SQLite Tutorial for iOS: Making Our App

A beginner SQLite tutorial series on using SQLite for iOS. This part focuses on making an app that uses a SQLite database. By Ray Wenderlich.

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Creating a Table View

Now that we have the code to read in our data set, it’s pretty easy to create a table view to display the data.

Right click on Classes and click “Add\New File…” and pick “UIViewController subclass”, making sure “UITableVIewController subclass” is checked and “With XIB for user interface” is NOT checked. Name the class FailedBanksListViewController.

Open up FailedBanksListViewController.h and add a member variable/property for the failedBankInfos which we’ll retrieve from the database. When you’re done it should look like the following:

#import <UIKit/UIKit.h>

@interface FailedBanksListViewController : UITableViewController {
    NSArray *_failedBankInfos;

@property (nonatomic, retain) NSArray *failedBankInfos;


Switch over to FailedBanksListViewController.m and add some imports, your synthesize statement, and your cleanup code:

// At very top, in import section
#import "FailedBankDatabase.h"
#import "FailedBankInfo.h"

// At top, under @implementation
@synthesize failedBankInfos = _failedBankInfos;

// In dealloc
self.failedBankInfos = nil;

Then uncomment viewDidLoad and modify it to look like the following:

- (void)viewDidLoad {
    [super viewDidLoad];
    self.failedBankInfos = [FailedBankDatabase database].failedBankInfos;
    self.title = @"Failed Banks";

Make a slight tweak to numberOfRowsInSection to return the number of items in the array:

- (NSInteger)tableView:(UITableView *)tableView 
    numberOfRowsInSection:(NSInteger)section {
    return [_failedBankInfos count];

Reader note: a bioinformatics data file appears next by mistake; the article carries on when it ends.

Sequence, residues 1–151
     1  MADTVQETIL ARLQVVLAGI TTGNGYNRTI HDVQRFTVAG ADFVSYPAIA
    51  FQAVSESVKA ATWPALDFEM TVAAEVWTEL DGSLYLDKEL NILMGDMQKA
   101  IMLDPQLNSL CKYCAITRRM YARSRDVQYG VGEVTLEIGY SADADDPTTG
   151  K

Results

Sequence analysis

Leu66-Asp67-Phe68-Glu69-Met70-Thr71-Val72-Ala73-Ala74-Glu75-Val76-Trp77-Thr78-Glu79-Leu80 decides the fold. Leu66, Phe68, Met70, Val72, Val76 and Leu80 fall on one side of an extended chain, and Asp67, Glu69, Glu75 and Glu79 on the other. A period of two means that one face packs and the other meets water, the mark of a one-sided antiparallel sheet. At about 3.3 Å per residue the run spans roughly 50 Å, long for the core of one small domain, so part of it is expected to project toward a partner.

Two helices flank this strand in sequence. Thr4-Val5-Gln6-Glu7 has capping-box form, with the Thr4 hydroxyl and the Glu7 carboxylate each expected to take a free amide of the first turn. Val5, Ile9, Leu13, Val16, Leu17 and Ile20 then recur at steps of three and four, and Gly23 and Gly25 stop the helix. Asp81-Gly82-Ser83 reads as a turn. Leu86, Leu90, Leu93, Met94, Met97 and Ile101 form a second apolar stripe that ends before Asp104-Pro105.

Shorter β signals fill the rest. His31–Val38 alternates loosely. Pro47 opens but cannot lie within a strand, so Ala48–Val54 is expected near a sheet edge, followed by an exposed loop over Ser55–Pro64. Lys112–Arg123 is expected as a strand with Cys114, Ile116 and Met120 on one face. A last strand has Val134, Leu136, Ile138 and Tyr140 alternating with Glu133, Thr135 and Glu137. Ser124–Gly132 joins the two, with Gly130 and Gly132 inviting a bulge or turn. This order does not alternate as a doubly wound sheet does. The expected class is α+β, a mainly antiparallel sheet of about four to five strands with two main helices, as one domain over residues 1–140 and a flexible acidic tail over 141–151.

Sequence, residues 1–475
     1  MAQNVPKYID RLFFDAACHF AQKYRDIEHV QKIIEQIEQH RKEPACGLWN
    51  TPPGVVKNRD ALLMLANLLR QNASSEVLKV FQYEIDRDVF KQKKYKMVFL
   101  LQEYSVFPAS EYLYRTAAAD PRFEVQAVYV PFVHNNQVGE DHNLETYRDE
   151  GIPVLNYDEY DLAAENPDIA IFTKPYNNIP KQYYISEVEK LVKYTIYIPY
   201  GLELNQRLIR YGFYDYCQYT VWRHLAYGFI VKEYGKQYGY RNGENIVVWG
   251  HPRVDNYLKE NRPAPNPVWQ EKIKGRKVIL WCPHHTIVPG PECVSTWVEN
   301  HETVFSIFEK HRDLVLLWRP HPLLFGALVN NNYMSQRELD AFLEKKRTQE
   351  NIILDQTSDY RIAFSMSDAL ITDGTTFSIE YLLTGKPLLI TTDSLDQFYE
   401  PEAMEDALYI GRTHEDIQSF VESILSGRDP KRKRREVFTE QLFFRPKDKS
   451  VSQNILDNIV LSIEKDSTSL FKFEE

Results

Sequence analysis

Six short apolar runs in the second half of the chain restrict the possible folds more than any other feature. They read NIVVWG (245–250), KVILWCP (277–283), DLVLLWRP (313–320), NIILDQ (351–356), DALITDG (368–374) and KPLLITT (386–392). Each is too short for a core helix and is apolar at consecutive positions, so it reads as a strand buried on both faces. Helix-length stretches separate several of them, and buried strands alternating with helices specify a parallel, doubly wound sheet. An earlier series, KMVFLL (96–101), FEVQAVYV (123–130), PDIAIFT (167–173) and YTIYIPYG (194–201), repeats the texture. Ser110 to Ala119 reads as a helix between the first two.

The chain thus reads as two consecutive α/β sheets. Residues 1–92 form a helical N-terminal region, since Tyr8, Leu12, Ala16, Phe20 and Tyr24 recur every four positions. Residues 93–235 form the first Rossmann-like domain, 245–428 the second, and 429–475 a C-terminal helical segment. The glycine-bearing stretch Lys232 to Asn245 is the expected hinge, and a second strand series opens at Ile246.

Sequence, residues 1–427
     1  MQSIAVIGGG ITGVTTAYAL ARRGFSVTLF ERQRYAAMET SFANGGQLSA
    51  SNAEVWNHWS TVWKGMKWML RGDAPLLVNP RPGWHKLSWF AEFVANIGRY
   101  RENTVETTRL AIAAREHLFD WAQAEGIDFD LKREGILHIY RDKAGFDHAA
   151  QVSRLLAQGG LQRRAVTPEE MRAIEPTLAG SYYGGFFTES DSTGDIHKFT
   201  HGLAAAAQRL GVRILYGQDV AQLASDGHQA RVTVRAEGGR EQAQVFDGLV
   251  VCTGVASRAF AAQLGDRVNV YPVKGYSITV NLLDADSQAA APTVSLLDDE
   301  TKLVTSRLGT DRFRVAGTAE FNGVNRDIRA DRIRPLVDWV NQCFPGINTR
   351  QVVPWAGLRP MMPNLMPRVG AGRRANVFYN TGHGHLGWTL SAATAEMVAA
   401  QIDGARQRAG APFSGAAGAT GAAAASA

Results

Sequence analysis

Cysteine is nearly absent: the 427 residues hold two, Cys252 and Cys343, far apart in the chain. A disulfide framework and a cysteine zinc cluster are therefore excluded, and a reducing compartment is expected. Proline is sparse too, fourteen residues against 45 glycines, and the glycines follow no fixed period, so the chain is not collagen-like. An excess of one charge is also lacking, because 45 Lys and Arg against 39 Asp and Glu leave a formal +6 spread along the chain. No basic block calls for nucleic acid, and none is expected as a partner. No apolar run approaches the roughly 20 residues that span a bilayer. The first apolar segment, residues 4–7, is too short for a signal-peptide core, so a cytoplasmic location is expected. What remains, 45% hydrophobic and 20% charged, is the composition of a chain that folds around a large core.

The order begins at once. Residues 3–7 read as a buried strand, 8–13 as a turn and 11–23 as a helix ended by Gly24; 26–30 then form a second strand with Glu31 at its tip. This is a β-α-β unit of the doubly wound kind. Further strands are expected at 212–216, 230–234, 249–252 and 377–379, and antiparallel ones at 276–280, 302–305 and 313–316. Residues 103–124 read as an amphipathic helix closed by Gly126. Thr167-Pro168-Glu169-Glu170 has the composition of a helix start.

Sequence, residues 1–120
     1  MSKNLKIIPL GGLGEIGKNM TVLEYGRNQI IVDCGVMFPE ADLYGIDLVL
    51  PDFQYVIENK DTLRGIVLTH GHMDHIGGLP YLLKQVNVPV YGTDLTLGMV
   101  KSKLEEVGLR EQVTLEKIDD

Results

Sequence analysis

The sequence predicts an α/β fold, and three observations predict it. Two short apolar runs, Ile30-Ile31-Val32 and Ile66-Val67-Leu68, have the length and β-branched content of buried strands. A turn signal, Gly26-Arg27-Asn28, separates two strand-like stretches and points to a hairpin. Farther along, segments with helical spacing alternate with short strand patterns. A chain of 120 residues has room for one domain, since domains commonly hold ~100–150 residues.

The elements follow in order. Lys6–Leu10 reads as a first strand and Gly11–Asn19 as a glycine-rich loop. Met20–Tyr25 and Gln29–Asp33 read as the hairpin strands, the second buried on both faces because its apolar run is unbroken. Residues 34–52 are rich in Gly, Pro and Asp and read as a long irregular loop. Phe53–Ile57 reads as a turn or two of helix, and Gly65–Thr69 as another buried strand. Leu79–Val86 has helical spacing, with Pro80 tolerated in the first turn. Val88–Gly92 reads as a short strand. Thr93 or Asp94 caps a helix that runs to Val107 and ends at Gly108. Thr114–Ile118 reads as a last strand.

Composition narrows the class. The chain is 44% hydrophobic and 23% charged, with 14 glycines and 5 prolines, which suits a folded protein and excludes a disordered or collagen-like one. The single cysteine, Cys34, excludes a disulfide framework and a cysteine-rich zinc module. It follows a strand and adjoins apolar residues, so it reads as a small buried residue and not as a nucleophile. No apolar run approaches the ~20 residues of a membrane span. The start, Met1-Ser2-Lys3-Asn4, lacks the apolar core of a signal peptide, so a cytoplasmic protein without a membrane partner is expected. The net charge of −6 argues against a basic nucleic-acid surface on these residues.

Finally modify cellForRowAtIndexPath to look like the following:

- (UITableViewCell *)tableView:(UITableView *)tableView 
    cellForRowAtIndexPath:(NSIndexPath *)indexPath {
    static NSString *CellIdentifier = @"Cell";
    UITableViewCell *cell = 
        [tableView dequeueReusableCellWithIdentifier:CellIdentifier];
    if (cell == nil) {
        cell = [[[UITableViewCell alloc] initWithStyle:UITableViewCellStyleSubtitle 
            reuseIdentifier:CellIdentifier] autorelease];
    // Set up the cell...
    FailedBankInfo *info = [_failedBankInfos objectAtIndex:indexPath.row];
    cell.textLabel.text = info.name;
    cell.detailTextLabel.text = [NSString stringWithFormat:@"%@, %@", 
        info.city, info.state];
    return cell;

All we did here was set the style of the table view cell to be the subtitle style, get the object in the array corresponding to the current row, and set the title and subtitle on the cell appropriately.

Now, we just need to hook our table view into the app. What we want to do to add a navigation controller to our app, and have the root view controller be our FailedBanksListViewController. So first, let’s add an outlet into FailedBanksAppDelegate.h for the UINavigationController we’re about to add:

#import <UIKit/UIKit.h>

@interface FailedBanksAppDelegate : NSObject <UIApplicationDelegate> {
    UIWindow *window;
    UINavigationController *_navController;

@property (nonatomic, retain) IBOutlet UIWindow *window;
@property (nonatomic, retain) IBOutlet UINavigationController *navController;